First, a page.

Some 47 airports in 23 states are recipients of FAA grants totaling $57.6 million for snowplows, de-icing equipment, and related facilities, thanks to Congress putting funding for this purpose in the Bipartisan Infrastructure Law. The question that must be asked is, why? Dealing with winter weather is a normal part of airport operations in much of North America.
“The efficacy of JSX’s exhaustive safety and security protocols, which greatly exceed TSA requirements, is reflected by our flawless record—one that meets or exceeds that of large commercial airlines. We conduct explosive trace and weapons detection on every bag and customer using state-of-the-art technology. A secondary positive ID match is conducted at boarding. Our flight deck doors are armored. JSX was a voluntary participant in the TSA Secure Flight vetting program for seven years; this has just recently become a requirement for similar public charter carriers.”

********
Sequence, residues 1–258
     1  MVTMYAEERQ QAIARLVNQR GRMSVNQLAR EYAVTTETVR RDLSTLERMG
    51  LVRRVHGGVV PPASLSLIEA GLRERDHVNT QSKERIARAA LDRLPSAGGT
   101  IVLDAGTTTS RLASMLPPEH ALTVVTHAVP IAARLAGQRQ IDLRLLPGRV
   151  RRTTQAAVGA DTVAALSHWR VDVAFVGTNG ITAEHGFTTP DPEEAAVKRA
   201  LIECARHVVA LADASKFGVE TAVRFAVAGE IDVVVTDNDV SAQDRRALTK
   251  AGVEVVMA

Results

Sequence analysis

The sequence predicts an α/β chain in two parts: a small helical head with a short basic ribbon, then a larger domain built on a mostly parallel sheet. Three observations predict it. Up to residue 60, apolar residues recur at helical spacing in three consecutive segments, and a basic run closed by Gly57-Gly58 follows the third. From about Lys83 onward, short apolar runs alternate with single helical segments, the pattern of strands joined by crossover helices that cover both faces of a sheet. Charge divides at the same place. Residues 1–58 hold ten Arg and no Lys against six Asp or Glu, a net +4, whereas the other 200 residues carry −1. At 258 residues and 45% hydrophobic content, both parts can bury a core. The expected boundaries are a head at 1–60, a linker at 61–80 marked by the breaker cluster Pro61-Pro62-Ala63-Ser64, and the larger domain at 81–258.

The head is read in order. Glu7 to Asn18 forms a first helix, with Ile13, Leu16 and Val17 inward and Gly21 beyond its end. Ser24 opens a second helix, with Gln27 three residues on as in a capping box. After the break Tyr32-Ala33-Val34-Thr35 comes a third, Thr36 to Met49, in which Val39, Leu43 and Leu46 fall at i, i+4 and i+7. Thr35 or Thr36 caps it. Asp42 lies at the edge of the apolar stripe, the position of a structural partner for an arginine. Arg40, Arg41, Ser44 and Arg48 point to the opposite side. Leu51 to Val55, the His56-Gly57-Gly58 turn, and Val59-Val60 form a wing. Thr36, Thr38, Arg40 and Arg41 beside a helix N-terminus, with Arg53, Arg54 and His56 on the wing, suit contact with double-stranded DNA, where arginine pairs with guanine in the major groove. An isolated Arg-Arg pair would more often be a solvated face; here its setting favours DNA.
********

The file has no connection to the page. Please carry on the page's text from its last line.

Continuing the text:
—Alex Wilcox (CEO of JSX), “JSX’s Response: Our Safety Record is Second to None,” Travel Weekly, Nov. 2, 2023
“These are exciting times for new jetliner concepts. JetZero’s blended wing body, Ron Epstein’s high-wing/propfan jetliner, and others offer hope to airlines struggling with high fuel prices. The prospect of a new jetliner also offers hope to Boeing, which is losing market share to Airbus . . . . Some regard hydrogen and other alternative propulsion as promising, but many experts point to serious technical challenges. These enormous challenges may or may not be surmountable, but to regard a hydrogen-powered jetliner as a disruptive possibility for another 20-30 years completely ignores the history of technology maturation.”
—Richard Aboulafia (Aerodynamic Advisory), “Opinion: Why A New Jetliner Is a Great Idea,” Aviation Daily, Oct. 23, 2023